Lab 2022



Dr James W. Lightfoot

Max Planck “Free Floater” Group Leader

Google Scholar

Güniz Göze Eren

International Max Planck Research School, PhD Student

'I grew up in Antalya and Seferihisar (Turkey), where I started an undergraduate degree in Molecular Biology and Genetics. I then moved to Germany to study my masters degree in Neural and Behavioral Sciences. After working on comparative genomics, developmental and evolutionary neuroscience I came to Bonn to start my PhD on molecular mechanisms of self-recognition and cannibalistic behavior of Pristionchus pacificus. I am interested in the genomic and molecular mechanisms of neural circuits that facilitate innovative behaviours. '

Fumie Hiramatsu

International Max Planck Research School, PhD Student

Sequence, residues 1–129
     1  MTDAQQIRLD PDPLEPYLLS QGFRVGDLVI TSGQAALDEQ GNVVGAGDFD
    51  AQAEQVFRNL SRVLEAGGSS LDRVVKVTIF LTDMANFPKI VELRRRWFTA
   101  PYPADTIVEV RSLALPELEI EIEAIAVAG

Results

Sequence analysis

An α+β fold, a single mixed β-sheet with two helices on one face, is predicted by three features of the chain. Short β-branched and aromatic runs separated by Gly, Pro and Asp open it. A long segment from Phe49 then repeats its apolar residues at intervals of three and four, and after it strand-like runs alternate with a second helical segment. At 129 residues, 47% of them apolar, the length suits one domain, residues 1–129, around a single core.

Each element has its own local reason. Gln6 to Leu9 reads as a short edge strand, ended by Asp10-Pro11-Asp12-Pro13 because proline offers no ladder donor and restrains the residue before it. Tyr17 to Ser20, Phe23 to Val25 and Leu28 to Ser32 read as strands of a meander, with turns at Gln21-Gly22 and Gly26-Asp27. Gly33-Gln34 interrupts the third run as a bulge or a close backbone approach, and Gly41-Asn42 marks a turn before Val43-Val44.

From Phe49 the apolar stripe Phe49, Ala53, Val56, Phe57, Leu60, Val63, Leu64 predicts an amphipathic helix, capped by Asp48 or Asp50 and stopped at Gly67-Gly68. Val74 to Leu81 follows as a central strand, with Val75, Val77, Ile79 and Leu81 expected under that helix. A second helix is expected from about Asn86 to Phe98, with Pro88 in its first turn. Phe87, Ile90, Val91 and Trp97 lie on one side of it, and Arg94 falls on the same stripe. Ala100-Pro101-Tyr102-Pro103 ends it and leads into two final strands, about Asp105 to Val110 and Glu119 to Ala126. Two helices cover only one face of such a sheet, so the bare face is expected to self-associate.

I’m from Japan, I love fish and worms. Eating and observing, respectively.

Dr Marianne Roca


I got my master degree from the european magisterium of genetics (Paris 7) focusing during my internships on meiotic recombination in S. pombe, gut regeneration and mitotic checkpoint in D. melanogaster. I moved to the laboratoire du développement de Villefranche sur mer to do my thesis in the team of Stefania Castagnetti studying the spindle assembly checkpoint in Phallusia mammillata embryos. I am now thrilled to discover nematodes and study prey behaviours in response to predation in this wonderful team.

Leonard böger

International Max Planck Research School, PhD Student

I am looking at the flow of information between the pharyngeal nervous system, which controls bacterial feeding and predation, and the larger somatic nervous system, which receives most of the sensory information. Between these two systems, there are only synaptic connections between two pairs of neurons. My goal is to explore the mechanisms that control information compression and selection from the somatic nervous system, and to find out how the compressed signals are meaningfully processed in the pharyngeal nervous system to control feeding.